India's Chandraya-3 mission has made major discoveries on the Moon

2023/09/12 Galarraga Aiestaran, Ana - Elhuyar Zientzia Iturria: Elhuyar aldizkaria

Photo of the Vikram module taken from the Pragyan robotic vehicle 15 meters away. Ed. ISDN

India's Chandraya-3 mission has spent two weeks studying the South Pole of the Moon with outstanding results. According to the Indian space agency ISRO, the Vikram module measures for the first time the temperature and density of the Moon ionosphere, among others. Thus, plasma density has been observed to be approximately 5-30 million electrons per cubic meter, which varies over time (the density of the Earth's similar layer is one million). If a colony is ever established on the Moon, this can affect communication and navigation systems.

On the other hand, soil temperature has also been measured at 8 cm depth, confirming that it is 60°C below the surface. In addition, the surface temperature is considerably warmer than that measured by the NASA orbiter in 2009: -10ºC more to all the depths they have measured. According to researchers, these strokes are too high for the ice to be stable. In fact, vacuum, ice becomes gas at very low temperature (-160°C).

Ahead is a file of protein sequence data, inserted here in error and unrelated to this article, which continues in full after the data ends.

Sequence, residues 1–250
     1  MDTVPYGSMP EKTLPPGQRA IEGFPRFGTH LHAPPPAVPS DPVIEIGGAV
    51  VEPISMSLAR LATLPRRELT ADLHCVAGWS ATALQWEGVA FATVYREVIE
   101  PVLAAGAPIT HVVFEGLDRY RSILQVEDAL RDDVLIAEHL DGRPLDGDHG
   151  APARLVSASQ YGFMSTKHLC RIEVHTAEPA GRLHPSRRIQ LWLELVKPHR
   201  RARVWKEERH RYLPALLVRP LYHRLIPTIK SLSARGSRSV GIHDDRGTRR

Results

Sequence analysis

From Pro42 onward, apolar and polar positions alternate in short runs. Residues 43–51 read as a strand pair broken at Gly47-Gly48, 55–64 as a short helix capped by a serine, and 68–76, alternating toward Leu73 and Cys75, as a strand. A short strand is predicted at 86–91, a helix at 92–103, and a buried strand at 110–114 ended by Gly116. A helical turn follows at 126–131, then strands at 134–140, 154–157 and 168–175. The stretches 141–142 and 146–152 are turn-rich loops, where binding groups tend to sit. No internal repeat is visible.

They've also measured some tiny moon or earthquake, finding sulfur, aluminum, silicon, calcium and iron. It should be noted that they did not expect to find sulfur because it is very volatile. They note that they have been awaiting the results of the next missions, hoping to be able to answer the questions raised to them.


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